Stop hospital consolidations to lower health care prices for all Americans

With 2023 bringing divided government and inflation to levels not seen in decades, lowering the cost of healthcare is a political and moral necessity. Over the years, Americans have discovered that insurance coverage alone does not equal access, and that despite near-universal health insurance coverage, more than one in five Americans still struggle to pay for health insurance, according to the US Census Bureau. ‘health care. To be treated, patients must be able to afford the care they need.

Half of the nation’s health care expenditure is spent on care provided in hospitals and clinics, both markets suffering from the evils of monopoly. In a newly published paper, we set out pragmatic solutions to address hospital monopoly power, with the aim of reducing costs for patients.

Last year, Senators Mike Lee (R-Utah) and Amy Klobuchar (D-Minn.) held a hearing on hospital consolidation, highlighting the rare problem uniting both Democrats and Republicans in today’s fractious political environment . According to the Kaiser Family Foundation, the market power of hospitals has now reached a critical level with 90% of metropolitan statistical areas considered highly concentrated for hospital care and hospitals driving even greater consolidation by buying physician practices. The monopoly is the natural product of more than 1,500 mergers in 20 years and a federal policy conducive to consolidation.

Research clearly demonstrates the evils of monopoly: hospital consolidation leads to higher insurance premiums, higher prices for hospital services, and greater consumer cost-sharing, all while driving reductions in the patient experience. Patients know what that means: heavy bills that come months or even a year after receiving treatment.

Refreshingly, Congress is before us with practical proposals to sustain competition in care delivery that benefits both patients and physicians.

Unfortunately, at the same time, healthcare systems have become more creative and creative in how they deliver care to patients. Dominant systems today include so-called “anti-steering” or “anti-tiering” contractual clauses that prevent health plans from referring patients to other low-cost, high-quality physicians; a 2018 case brought by the Justice Department’s Antitrust Division against Atrium Health highlighted this practice. To identify the prevalence of these practices, policymakers should direct the Federal Trade Commission and the Justice Department’s Antitrust Division to study these practices and equip the Federal Trade Commission with the authority to address hospital anticompetitive behaviors such as these.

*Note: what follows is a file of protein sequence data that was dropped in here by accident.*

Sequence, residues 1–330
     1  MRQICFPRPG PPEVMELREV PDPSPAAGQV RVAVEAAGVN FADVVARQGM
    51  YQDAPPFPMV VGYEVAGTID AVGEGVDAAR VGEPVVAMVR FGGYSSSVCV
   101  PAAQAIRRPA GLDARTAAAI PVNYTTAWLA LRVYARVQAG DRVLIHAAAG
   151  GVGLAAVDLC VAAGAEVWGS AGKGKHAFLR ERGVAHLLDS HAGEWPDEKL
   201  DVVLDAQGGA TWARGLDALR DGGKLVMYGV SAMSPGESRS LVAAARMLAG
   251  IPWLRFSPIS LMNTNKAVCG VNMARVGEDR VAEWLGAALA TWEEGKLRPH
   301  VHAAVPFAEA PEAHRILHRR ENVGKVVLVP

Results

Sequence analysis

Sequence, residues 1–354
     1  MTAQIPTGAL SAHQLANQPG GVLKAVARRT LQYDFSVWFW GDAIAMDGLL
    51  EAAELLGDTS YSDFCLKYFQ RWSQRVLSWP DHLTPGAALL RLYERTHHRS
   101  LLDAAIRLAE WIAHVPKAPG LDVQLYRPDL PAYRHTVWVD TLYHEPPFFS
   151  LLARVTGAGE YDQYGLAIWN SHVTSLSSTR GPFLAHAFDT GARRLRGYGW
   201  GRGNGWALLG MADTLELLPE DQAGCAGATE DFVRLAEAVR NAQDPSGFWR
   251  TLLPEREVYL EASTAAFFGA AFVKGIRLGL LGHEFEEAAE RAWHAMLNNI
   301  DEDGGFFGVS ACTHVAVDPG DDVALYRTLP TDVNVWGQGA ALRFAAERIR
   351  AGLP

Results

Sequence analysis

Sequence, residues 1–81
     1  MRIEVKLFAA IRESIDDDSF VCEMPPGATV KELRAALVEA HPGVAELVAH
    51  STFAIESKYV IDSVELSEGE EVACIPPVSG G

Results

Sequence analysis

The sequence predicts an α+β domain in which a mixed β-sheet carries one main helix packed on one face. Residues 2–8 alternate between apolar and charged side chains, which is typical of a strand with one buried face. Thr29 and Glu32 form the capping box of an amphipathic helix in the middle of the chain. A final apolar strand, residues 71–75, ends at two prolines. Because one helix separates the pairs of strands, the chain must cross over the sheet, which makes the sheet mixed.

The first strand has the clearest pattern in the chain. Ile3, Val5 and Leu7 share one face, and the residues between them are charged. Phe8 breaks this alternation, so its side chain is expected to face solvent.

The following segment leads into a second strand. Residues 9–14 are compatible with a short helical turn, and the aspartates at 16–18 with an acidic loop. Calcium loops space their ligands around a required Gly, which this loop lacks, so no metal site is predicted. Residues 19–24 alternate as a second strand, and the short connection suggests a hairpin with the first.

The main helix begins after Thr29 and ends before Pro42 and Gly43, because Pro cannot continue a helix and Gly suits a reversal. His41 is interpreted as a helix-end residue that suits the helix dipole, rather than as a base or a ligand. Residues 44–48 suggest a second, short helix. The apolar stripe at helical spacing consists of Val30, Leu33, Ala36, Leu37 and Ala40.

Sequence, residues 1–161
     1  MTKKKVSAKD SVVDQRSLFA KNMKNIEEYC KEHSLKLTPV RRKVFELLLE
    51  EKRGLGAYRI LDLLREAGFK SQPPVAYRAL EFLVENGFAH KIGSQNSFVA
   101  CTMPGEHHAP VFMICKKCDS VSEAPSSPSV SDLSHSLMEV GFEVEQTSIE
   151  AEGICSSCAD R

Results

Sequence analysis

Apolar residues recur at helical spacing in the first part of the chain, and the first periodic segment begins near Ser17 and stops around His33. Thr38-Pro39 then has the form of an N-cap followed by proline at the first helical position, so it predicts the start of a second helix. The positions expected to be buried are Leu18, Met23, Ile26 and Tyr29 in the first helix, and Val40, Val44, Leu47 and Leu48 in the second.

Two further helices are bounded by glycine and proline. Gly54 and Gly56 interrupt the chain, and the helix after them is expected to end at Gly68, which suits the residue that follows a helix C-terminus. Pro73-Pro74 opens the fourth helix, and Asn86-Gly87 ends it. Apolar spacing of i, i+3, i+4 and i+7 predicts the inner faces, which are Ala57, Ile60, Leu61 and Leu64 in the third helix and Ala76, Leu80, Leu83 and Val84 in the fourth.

Additionally, antitrust researchers and agencies should be empowered to focus on target areas requiring federal competition enforcement through the regular publication and dissemination of a state competition index. A state competition index would include data on mergers, licensing requirements, and concentrations across service markets in addition to making source data transparent.

While medical procedures can often be performed safely and completed in an outpatient setting at lower cost and discomfort to the patient, government regulations often mandate that procedures be provided only in an inpatient setting, thus reinforcing the dominance of the hospital market in load. By preventing this unnecessary interference in medical decision-making, Congress can prevent regulatory agencies from specifying the site of the service and allow patients and doctors to immediately benefit from medical advances and decide when, where and how to provide care.

Finally, Congress can promote the growth of new small businesses. In 2010, as part of negotiations to pass the Affordable Care Act, the hospital industry convinced Congress to enact a ban that prevents new doctor-owned hospitals from participating in Medicare. Acknowledged by the CEO of the Federation of American Hospitals in a 2021 advisory board interview, this was a landmark, publicly proclaimed victory that banned hospital industry competitors.

The ban on new facilities participating in Medicare – which can account for up to a third of a hospital’s revenue – has taken away the possibility of hospital ownership by doctors, i.e. those with the greatest knowledge of patient care. With recent research showing that doctor-owned hospitals can improve quality and reduce costs, policymakers should support House and Senate bills to correct this fallacy.

With hospital monopolies screwing over Americans, now is the time for sensible reforms to promote choice and competition. It is our profession’s prescription for a better system for all.

Brian J. MillerMD, MBA, MPH is an assistant professor of medicine and business (courtesy) at Johns Hopkins University and a non-resident fellow at the American Enterprise Institute.

Jesse M. EhrenfeldMD, MPH is the senior associate dean of the Medical College of Wisconsin and the president-elect of the American Medical Association.

The views expressed herein are the authors’ own and do not necessarily reflect those of their employers.

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